The Prevention Ladder

Doctors think in terms of primary, secondary, and tertiary prevention of disease. To illustrate the difference, think about your lawn. Primary prevention of lawn disease involves having a lush, thick grass carpet that chokes out any undesirable seeds that land on it. Secondary prevention would be applying sprays and chemicals to kill weeds mixed into the grass. Tertiary prevention comes after the back-breaking work of pulling out all your weeds and entails strengthening your grass to keep weeds from coming back.

In much the same way, doctors would rather never have to treat diseases in the first place for our patients. For this article, we’ll think about cancer care – but these same principles apply to heart disease management, to mental health, lung issues, and a whole host of ailments.

Primary cancer prevention, (not getting it in the first place), involves living in a way that keeps it away. There are positive steps one can take – the DO’s – and negatives to avoid – the DON’T’s. DO exercise. The National Cancer Institute says this prevents lung, colon, endometrial, breast and prostate cancers and promotes survival after cancer1. DO eat plenty of fruits and vegetables and white meats (fish, chicken) and watch your weight2. DON’T overdo it with red meat and especially with preserved meats treated with nitrates like bacon and sausage. DON’T be a sun worshipper. DO test your home for radon. Test kits are available online and at hardware stores. Sexually transmitted viruses like hepatitis and HPV increase your risk of cancer. DON’T catch them. (There are now vaccines for some hepatitis and for HPV.) DON’T overindulge in alcohol. And of course, there’s the big one, DON’T SMOKE or use other tobacco products. There are only a few cancers that aren’t related to tobacco in some way. This is the most effective and easy way to treat cancer – never having it in the first place.

Secondary cancer prevention means finding cancer when it’s small and dealing with it quickly. It’s much easier to remove a pea-sized tumor than a football-sized one. Treatment is much more effective and comfortable when dealing with one mass than with cancer that had spread all over the body. The National Institutes of Health states that “Secondary prevention is that set of interventions leading to the discovery and control of cancerous or precancerous processes while localized, i.e., screening, early detection, and effective treatment.3” This means another DO: Get all the tests recommended for your age. These include colonoscopies, mammograms, prostate exams, stool testing, skin screening, Pap testing, and dental visits among others. More information is available on the website for the National Cancer Institute4. Not all tests are recommended for all ages. Some are only for people predisposed by genetics, smoking history, or other factors. It is important to get the ones that are right for you. Ladies, DO check your breasts for new or changing lumps every month or two. Men, especially young adults, should check for testicle lumps every month too.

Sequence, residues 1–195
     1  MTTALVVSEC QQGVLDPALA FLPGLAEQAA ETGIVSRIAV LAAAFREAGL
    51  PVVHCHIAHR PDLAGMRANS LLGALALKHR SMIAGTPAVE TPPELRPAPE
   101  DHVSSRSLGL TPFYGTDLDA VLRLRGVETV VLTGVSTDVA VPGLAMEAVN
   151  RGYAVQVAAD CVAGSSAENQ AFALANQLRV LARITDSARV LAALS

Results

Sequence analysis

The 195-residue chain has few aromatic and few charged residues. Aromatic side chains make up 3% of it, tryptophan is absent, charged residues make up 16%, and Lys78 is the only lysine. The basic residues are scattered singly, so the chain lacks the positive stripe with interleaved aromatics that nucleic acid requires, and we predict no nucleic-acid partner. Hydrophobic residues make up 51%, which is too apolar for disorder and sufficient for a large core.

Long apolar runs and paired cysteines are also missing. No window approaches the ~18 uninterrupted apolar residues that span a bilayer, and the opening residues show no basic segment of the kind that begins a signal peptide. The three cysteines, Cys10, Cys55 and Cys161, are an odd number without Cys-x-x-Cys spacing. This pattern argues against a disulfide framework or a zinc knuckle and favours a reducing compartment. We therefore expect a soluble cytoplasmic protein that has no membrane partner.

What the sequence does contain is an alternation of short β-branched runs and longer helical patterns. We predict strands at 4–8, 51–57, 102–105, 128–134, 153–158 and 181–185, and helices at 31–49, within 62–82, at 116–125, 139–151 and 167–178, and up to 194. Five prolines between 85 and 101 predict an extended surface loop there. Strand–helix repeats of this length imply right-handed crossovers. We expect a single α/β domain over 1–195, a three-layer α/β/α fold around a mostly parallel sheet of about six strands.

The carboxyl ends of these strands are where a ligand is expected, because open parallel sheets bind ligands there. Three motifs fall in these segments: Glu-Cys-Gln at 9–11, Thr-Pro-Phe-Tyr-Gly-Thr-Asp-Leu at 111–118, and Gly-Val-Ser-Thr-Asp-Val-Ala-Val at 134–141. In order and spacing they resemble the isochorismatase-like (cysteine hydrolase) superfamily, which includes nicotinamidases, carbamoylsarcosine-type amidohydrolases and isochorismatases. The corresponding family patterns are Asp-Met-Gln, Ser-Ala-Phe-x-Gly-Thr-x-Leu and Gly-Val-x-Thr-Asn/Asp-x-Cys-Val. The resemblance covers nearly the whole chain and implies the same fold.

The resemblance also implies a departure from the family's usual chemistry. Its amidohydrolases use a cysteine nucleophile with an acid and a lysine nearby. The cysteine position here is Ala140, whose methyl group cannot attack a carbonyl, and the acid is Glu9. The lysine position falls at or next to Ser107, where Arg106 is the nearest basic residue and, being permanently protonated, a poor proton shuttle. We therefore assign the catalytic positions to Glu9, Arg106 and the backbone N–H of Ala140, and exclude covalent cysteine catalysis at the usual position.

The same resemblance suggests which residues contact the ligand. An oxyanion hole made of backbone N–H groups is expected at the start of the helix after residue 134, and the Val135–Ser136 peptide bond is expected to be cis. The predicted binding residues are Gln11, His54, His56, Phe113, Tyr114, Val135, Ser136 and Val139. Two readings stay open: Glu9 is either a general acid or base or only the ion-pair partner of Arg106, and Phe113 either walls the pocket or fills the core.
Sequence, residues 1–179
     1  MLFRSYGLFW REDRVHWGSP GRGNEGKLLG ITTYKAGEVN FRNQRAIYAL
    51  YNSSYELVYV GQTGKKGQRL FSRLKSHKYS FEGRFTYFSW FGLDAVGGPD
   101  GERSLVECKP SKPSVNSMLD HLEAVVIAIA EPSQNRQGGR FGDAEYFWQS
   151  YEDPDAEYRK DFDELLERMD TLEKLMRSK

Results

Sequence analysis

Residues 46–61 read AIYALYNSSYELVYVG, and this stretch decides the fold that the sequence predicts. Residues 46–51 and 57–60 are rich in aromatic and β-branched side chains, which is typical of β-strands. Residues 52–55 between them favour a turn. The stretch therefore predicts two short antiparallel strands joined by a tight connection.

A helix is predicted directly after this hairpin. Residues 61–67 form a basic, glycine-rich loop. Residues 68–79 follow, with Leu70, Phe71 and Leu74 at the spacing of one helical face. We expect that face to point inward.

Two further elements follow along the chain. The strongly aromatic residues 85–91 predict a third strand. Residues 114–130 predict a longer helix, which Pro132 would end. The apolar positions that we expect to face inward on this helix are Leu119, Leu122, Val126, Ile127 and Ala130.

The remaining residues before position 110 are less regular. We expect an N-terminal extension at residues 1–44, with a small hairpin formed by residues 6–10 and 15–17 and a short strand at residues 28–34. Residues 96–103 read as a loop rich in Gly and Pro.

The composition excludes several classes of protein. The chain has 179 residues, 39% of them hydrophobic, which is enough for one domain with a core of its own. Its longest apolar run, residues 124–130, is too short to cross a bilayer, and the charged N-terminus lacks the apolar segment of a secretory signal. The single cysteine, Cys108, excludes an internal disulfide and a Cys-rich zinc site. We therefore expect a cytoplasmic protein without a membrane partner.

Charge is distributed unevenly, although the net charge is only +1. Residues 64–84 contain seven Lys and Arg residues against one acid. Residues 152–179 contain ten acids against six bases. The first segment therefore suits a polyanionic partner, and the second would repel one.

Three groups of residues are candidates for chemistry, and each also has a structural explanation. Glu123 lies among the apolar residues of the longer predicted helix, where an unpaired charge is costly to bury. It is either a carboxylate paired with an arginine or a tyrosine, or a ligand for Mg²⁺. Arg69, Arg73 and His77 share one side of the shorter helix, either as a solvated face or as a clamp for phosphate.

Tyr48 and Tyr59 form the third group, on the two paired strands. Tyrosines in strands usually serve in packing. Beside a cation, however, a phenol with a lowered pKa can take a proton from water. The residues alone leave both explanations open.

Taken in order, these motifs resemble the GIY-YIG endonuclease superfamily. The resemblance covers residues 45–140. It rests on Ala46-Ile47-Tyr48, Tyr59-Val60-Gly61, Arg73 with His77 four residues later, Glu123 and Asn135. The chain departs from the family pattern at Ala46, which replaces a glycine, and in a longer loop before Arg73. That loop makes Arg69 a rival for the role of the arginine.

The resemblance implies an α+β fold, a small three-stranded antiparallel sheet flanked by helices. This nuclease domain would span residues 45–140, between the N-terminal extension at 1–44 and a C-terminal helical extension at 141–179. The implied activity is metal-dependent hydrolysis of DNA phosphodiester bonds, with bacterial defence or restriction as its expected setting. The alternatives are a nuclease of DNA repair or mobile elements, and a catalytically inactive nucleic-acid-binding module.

Tertiary prevention is behaviors that keep cancer from coming back once you’ve had it. Some of these are common sense, for example, if your oncologist puts you on tamoxifen to prevent breast cancer recurrence, take it until you and your doctor decide you’re out of danger. A lot of tertiary tactics circle back to the same things as primary prevention: exercise, building up your immune system, not eating a lot of fats, etc. These lifestyle changes are so effective it can be frustrating for doctors when patients, after all the torture we’ve put them through to get rid of cancer, go back to smoking or other lifestyles that brought it on it the first place.

This stepladder way of thinking can help stop cancers from coming and help eliminate others while they’re still small. Of course, cancer will still happen to some people in spite of everything they do. Cancer is currently the second leading cause of death in America. We should do all we can to reduce that.